Levin: "I thought it was plural. Was he referring to a single person?" "He went on to talk about this Jesse Macbeth and mentioned other soldiers, other people similarly."

Levin: "From what I know about it, I don't have all the exact words, I don't buy it. I think it was obviously broader than one soldier." "Have you had a chance to see or read the entire transcript?"

Levin: "I've read a part of the transcript." "Is it the part that Media Matters [for America] has put out, that perhaps Sen. Reid (D-Nev.) has been..."

Levin: "Yes. It looked to me like he was not referring to one specific [soldier]."

Sen. John Warner (R-Va.): (Hear him say it)

"Look, I don't know anything in particular about this incident, but actually I think I've met Rush Limbaugh once. I find him to be, to the extent there's any clear definition of a patriot, I think he would fall in within the variations definitions of being a patriot. And I don't think about this incident, I don't think he would do anything to malign the men and women of the armed forces. That's my own view."

Sen. Lindsay Graham (R-S.C.): (Hear him say it)

"I don't know what Rush Limbaugh meant, but if someone is portraying themselves to have been a veteran of Afghanistan and Iraq and witnessed things in theatre and they didn't do it, they didn't serve and they couldn't have seen what they said they saw, then not only is that phony, that's a fraud.

"Now, anyone who served in Afghanistan, Iraq or the military in general has absolutely every right in the world to express themselves within the confines of military law. And solders who have served over there who are critical of the war have a right to express themselves just as people who support it so I don't see what the fuss is about." "Do you think that it's fair to call someone like Jesse Macbeth a phony?"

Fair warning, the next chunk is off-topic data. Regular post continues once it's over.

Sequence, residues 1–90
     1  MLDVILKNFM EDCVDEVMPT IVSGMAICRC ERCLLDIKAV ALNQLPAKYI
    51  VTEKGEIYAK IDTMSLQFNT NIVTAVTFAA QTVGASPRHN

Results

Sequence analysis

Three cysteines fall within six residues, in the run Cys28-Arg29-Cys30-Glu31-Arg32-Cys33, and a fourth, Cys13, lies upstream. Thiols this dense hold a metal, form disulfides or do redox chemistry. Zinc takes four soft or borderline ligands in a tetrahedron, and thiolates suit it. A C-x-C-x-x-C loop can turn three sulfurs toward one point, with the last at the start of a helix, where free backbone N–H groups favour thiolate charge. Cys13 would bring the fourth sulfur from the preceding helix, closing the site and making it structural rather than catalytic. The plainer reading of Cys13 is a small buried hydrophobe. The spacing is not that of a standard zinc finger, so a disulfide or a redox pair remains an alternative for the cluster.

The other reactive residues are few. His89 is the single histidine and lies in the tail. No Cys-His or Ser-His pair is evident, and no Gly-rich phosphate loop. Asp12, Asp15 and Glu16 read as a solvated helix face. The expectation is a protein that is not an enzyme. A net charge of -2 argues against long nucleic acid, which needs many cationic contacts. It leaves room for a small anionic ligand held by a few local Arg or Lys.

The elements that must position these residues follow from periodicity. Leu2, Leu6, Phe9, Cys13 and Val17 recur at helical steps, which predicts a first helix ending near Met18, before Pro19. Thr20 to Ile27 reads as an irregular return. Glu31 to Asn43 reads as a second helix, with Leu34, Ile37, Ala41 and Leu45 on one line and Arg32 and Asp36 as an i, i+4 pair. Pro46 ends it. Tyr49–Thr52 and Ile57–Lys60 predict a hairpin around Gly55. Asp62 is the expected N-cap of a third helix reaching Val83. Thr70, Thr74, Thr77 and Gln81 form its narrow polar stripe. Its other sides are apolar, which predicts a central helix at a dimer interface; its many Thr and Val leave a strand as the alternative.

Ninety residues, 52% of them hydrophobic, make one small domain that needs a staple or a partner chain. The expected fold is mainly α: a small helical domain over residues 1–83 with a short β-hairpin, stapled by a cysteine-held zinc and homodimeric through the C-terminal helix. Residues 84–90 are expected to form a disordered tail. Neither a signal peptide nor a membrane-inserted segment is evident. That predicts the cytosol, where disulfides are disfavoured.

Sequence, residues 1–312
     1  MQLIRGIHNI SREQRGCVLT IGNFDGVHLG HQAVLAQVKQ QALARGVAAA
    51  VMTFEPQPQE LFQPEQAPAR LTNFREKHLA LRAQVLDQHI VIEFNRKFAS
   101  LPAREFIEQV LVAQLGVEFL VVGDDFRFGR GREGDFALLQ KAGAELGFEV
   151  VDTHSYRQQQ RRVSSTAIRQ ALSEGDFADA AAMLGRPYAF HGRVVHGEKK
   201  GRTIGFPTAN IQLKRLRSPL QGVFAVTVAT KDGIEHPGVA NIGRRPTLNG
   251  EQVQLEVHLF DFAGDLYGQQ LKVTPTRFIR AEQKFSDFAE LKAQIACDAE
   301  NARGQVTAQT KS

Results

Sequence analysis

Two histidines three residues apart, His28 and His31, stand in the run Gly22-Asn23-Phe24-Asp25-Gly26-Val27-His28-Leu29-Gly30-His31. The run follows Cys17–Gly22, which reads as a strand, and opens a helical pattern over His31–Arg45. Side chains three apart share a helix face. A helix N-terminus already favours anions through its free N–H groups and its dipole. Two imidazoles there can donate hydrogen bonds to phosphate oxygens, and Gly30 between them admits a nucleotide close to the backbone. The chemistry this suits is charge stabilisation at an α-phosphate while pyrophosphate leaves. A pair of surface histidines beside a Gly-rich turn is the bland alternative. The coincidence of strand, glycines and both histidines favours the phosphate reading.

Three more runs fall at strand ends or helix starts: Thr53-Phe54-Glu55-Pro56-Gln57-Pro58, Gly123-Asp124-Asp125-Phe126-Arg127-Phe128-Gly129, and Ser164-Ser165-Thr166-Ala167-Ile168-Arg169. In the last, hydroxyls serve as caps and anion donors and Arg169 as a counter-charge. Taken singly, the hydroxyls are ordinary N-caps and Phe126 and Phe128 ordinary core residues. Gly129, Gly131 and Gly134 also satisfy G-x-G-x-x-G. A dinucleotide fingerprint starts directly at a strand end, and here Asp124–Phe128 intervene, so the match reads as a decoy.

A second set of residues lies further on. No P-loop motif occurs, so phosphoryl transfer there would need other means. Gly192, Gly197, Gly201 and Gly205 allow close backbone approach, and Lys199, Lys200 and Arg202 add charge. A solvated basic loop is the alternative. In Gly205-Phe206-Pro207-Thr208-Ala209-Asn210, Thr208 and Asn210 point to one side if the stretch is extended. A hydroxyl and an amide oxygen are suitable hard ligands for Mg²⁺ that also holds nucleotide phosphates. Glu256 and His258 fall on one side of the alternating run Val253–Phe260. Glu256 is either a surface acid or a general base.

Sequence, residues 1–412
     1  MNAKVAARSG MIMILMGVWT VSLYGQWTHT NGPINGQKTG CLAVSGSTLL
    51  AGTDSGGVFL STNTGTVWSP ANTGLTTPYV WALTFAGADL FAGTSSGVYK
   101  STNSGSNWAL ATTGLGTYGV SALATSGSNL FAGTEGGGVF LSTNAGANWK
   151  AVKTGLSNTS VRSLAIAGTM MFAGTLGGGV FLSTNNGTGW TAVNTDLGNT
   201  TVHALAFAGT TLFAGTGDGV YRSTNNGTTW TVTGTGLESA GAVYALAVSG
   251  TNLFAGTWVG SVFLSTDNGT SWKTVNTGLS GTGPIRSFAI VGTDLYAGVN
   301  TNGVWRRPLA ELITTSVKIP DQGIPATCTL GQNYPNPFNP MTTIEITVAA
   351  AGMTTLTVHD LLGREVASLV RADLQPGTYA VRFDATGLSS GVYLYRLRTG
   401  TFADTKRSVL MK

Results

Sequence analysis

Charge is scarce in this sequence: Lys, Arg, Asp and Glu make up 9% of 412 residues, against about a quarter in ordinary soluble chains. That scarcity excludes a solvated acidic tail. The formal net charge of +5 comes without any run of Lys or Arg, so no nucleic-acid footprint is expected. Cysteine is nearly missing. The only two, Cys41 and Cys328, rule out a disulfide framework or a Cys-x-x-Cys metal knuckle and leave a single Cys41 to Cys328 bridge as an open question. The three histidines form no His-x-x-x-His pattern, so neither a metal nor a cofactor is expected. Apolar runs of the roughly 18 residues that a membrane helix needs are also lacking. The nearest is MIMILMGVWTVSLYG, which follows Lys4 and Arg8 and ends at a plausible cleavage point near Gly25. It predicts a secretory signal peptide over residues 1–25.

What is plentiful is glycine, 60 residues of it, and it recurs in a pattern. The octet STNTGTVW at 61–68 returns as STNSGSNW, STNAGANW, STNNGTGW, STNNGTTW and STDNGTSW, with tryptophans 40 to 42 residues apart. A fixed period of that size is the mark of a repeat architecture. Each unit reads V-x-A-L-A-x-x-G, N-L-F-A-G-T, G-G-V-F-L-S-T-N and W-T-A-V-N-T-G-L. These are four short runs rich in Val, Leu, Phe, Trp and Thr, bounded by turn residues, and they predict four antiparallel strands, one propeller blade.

Graham: "I think he's a fraud and phony, yeah, absolutely."

Sen. Ben Nelson (D-Neb.): (Hear him say it)

"What we've got into right now is a situation where was hammered by the other side, so it's not surprising that now you've got a sort of the return of that in case of Limbaugh. Quite honestly, I don't get involved in those unless it's about me, and I consider talk radio entertainment as well as news, and so I just don't pay much attention to it."

Sen. Daniel Akaka (D-Hawaii): (Hear him say it)

"Well I feel that any citizen has a vote, a right to voice their opinion on anything they want to do and I think this Limbaugh, though I don't agree with him on many things, has the right to say what he says. And I don't think we need do legislation to get at him. I think, however, it's something that people can talk about and maybe help them render judgments. But I don't think we need to set any laws to stop that."

See Earlier Stories:
Senate Amendment Calls for 'Balance' on Armed Forces Radio (June 17, 2004)
Media Watchdog Expands Effort to Discredit Conservatives (July 19, 2004)
Liberals Want Limbaugh Booted Off Armed Forces Radio (May 27, 2004)